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Three Degrees of Separation

by Rachel Scott 17 days ago in humanity

As a first generation student who is a survivor of abuse, I love my job because I’m able to chase my true dream, which is finally independent of my trauma, while still helping those who were and are like me.

Three Degrees of Separation
Photo by Hello I'm Nik on Unsplash

Happy isn’t the word I would use to describe my childhood. I’ll spare you the details besides the fact that it included kidnapping and abuse; this isn’t because I don’t think that my trauma narrative isn’t important, but because I want to highlight the important lessons that I’ve learned while trying to figure out who I am as a person, a scholar, and an employee. All you need to know is that I have had PTSD, depression, and anxiety since I was very young.

So young, in fact, that it is all that I have ever known. Because of this, my trauma became the foundation for which I would live my life. In high school, I became fixated on Criminology and Forensic Psychology since I wanted to better understand my abuser and why he did what he did. This determination followed me to college and, no matter what answer I got, it wasn’t good enough. And it never would be. As a result, it wasn’t long until my interest branched out from “Why did my abuser...?” to “Why do people...?”.

By Green Chameleon on Unsplash

I remember sharing the exciting career path I had chosen with my mother when she quietly said, “Don’t base your future on trying to understand your past traumas. They just are….You’re keeping it alive.”

At the time, I was angry at her because understanding one’s trauma is important to healing and I felt like she was minimizing that, but as I grew older, I realized that I was overlooking the heart of what she was trying to say.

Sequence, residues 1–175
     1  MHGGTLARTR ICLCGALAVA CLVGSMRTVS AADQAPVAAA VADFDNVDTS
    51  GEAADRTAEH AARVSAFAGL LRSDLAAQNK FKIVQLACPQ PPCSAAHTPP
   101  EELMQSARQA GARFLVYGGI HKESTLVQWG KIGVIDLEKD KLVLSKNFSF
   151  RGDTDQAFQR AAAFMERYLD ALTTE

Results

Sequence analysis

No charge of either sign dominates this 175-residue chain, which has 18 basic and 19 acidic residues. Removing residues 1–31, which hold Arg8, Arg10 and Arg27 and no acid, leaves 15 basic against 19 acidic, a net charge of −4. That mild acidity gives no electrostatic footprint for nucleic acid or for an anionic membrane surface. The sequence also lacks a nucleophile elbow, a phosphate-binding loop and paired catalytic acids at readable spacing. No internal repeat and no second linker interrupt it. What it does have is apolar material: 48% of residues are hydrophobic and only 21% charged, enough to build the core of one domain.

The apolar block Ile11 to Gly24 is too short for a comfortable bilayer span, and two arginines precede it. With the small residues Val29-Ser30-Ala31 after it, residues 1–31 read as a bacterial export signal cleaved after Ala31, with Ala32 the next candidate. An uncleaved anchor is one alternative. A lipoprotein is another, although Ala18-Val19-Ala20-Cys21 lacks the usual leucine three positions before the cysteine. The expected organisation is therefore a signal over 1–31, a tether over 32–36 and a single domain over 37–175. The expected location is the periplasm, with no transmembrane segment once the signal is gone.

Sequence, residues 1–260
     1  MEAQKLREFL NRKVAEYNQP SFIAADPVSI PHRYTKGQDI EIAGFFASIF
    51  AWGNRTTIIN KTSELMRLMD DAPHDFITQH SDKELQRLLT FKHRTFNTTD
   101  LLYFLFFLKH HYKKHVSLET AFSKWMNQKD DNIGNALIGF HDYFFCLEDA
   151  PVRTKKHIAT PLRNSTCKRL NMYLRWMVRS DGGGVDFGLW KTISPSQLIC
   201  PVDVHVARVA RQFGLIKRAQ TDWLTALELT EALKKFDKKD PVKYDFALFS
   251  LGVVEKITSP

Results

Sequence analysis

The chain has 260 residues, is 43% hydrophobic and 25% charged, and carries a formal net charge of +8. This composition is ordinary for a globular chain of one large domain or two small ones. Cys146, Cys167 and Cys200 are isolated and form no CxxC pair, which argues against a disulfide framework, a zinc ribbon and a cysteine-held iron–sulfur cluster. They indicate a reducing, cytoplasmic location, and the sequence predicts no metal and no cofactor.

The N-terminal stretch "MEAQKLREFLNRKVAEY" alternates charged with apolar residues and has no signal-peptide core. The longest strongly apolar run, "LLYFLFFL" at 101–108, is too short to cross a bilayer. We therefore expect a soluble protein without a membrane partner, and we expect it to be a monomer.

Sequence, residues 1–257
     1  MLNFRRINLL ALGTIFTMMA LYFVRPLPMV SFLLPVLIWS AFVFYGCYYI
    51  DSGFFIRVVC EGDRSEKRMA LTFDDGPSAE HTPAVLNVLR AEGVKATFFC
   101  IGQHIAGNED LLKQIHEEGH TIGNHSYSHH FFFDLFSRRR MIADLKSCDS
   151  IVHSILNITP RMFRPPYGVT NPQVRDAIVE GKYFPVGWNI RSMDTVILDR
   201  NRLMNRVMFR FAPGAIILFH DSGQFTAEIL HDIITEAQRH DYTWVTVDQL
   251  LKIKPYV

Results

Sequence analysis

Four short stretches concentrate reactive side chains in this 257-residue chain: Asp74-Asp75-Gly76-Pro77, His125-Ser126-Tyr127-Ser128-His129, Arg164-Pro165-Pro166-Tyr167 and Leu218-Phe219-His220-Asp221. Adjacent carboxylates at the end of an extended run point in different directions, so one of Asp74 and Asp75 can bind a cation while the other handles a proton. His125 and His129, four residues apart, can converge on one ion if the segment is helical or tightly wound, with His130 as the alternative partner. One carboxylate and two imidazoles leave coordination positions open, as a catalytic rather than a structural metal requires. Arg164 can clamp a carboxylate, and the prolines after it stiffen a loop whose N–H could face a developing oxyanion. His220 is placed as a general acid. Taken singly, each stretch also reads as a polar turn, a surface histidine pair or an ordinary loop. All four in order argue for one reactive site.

I was pursuing a degree in Criminal Studies and Sociology and planned to go into Criminal Psychology. I had, in fact, mapped out my whole life based on what happened to me, still chasing some sort of understanding of the events that ruined my life even though understanding would never come. I thought I had branched out from my abuser, but he was still intertwined with my tree like a choking vine, a parasitic memory that loomed all the same. I had deluded myself into thinking I had control, had carved out my own path, when that was the furthest thing from the truth.

By Adarsh Kummur on Unsplash

To combat this, in my last year of undergrad, I added on a third major - Psychology. Shifting my focus to Social Psychology, I was determined that I would focus less on trauma and more on how individuals’ underlying thoughts, feelings, and behaviors shifted according to group dynamics. Once I graduated, however, I found myself drawn in once again by trauma work and secured a job at an acute adolescent psychiatric unit.

By Martha Dominguez de Gouveia on Unsplash

Working in the hospital was one of the most impactful experiences I have ever had.

My patients were all children and teens, steeped in trauma like tea bags left in a cup too long, and they lashed out at everyone and everything, but especially themselves.

By Miti on Unsplash

And in them I saw a younger me--an abused, angry child who just needed someone to save her, but no one ever came and so she had to do it herself, so of course the way she did it wasn’t the best, and wasn’t right, but she had no one to tell her otherwise, and she had been doing the best that she could. So I tried my hardest to be the person they (and I had) needed. And that opened the gateway, sowed the seeds of rapport-building trust that allowed me to give them deeper advice and guide them with loving, compassionate words to a better way of navigating the stormy seas their lives had been or become.

By Austin Kehmeier on Unsplash

Then, they would disappear from my life forever, their thankful parting words and smiles etched in my memories. It gave me such hope for them and made everything worth it. At times, helping them is what kept me alive.